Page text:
Guest post: Emily Valentine
Whether you’re a student looking for an internship or a fully-fledged graduate, having an up-to-date and well-written CV and cover letter is vital.
Writing these can be daunting though, especially as it’s easy to make mistakes but by following these handy pointers you should find yourself well on your way to bagging your dream job.
Where to start
Starting your job application can be the hardest part, so jot down a few notes before you launch into the application. Look carefully through the job spec and ask yourself a few simple questions. Do I have the skills and experience to do this job, and do I really want it? If the answer to both is a resounding ‘yes!’ then you’re past the first hurdle.
How to write your application
All the major recruitment sites such as Monster and Total Jobs have downloadable CV and cover letter templates you can use. Remember to get the basics down before you start with the tricky stuff. Use a simple font at a readable size (Arial 11 for example). Layouts vary but most start with a brief bio followed by relevant experience (most recent first), education and key skills.
When writing about your work experience, remember to highlight what you’re achieved, not just a list of work tasks. Employers want to see what value you could bring to the role, and examples of past accomplishments are one of the most effective ways to do this. Many people leave their achievements out, so including them will put you one step ahead of the game.
Keep your CV short and sweet, no more than two pages long. Recruiters are busy people and haven’t got time to read through a CV that resembles an essay. They’ll usually glance over your application, looking for key bits of info, so you need to make sure yours makes it into the ‘yes’ pile by taking elements from the job spec and accentuating these within your application.
What if you lack paid work experience? Volunteering, internships, uni projects and being part of a student society can all help you rack up transferable skills so don’t be afraid to mention them. Heading up a successful uni project team shows you can be a strong leader, and being an integral part of a uni society demonstrates you're a team player. Just because it's not paid work doesn't mean it's not relevant experience. Think outside of the box!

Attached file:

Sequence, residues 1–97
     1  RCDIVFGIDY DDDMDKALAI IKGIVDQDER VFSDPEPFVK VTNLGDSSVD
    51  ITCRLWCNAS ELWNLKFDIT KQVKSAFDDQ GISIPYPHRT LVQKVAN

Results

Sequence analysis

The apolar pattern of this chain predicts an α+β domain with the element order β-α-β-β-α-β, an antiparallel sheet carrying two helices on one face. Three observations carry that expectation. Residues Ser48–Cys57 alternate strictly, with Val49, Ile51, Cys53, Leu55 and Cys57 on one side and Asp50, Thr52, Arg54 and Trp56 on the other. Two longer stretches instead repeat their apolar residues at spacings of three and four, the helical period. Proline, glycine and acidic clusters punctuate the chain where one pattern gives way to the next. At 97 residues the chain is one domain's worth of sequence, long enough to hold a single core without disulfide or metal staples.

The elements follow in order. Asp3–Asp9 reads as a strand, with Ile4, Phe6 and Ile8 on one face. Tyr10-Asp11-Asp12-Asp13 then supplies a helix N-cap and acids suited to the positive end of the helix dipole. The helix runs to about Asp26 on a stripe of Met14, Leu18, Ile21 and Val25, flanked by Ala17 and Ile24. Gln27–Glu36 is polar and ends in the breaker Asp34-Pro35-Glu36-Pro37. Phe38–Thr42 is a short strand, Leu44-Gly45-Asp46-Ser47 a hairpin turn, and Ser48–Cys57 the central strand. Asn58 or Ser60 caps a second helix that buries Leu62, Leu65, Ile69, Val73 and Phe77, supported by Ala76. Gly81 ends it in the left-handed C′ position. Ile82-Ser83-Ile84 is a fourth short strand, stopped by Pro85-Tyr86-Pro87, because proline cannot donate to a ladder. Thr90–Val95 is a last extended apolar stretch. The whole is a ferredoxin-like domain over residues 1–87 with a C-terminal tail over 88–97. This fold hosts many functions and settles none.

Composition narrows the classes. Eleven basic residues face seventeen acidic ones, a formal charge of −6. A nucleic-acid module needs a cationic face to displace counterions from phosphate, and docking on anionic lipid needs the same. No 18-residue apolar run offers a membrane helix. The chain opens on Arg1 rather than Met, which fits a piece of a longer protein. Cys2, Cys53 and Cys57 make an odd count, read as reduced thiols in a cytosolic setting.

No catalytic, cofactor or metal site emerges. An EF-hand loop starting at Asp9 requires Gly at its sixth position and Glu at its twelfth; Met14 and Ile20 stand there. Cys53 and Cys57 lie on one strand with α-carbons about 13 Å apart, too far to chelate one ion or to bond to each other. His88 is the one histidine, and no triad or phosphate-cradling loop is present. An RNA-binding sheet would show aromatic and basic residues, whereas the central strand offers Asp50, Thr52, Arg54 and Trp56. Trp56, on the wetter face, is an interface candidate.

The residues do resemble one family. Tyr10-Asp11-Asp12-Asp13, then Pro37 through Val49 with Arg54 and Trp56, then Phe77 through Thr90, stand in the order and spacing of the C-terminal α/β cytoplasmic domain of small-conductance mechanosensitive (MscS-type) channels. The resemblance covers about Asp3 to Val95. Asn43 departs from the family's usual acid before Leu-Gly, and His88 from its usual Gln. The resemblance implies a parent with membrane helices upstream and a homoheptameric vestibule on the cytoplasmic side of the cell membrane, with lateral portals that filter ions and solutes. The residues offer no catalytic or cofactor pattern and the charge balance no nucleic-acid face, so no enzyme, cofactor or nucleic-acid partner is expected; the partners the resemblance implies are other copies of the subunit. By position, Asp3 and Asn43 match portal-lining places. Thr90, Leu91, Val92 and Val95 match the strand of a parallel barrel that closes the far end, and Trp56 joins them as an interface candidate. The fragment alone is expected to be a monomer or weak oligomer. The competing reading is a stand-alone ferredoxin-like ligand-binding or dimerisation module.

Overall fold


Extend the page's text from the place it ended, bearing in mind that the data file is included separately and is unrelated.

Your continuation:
Don’t lie about your experience (it always comes back to bite you) and make sure dates are correct and the info you’ve given is accurate.
Things to leave out
Once upon a time CVs usually ended with 'references available on request' and a list of your favourite hobbies. Consider leaving these out. Not only do they take up unnecessary space, but nobody cares if you love watching horror movies if you're applying for an engineering role. If you have any hobbies that are relevant to the job role then include an example or two in your cover letter.
Before you apply
Before you submit your application, double-check your spelling and grammar. Spell check is useful, but it won’t pick out poor grammar and punctuation, so make sure you get an eagle-eyed friend to read through your application for you as well.
When it comes to submitting applications, avoid the scatter-gun approach. Employers can spot it a mile off and it’s at the top of their list of pet hates. Rather than fire off a generic application to a million jobs in the hope you might get invited to one interview, spend a bit of time tailoring your application to the role. It might seem like a pain in the neck to start with but, once you've done a few, you'll get the hang of it.
After you apply
If you don’t hear back about the role then (scary as it sounds) you could give the recruiter a ring. By being proactive you’re also showing the recruiter that you’re enthusiastic about the role. If they haven’t chosen you for interview, they might be willing to give you some feedback about your application. Remember: you have nothing to lose and everything to gain.
Emily writes for Inspiring Interns, a graduate recruitment agency which specializes in sourcing candidates for internships and giving out graduate careers advice. To browse their graduate jobs, visit their website.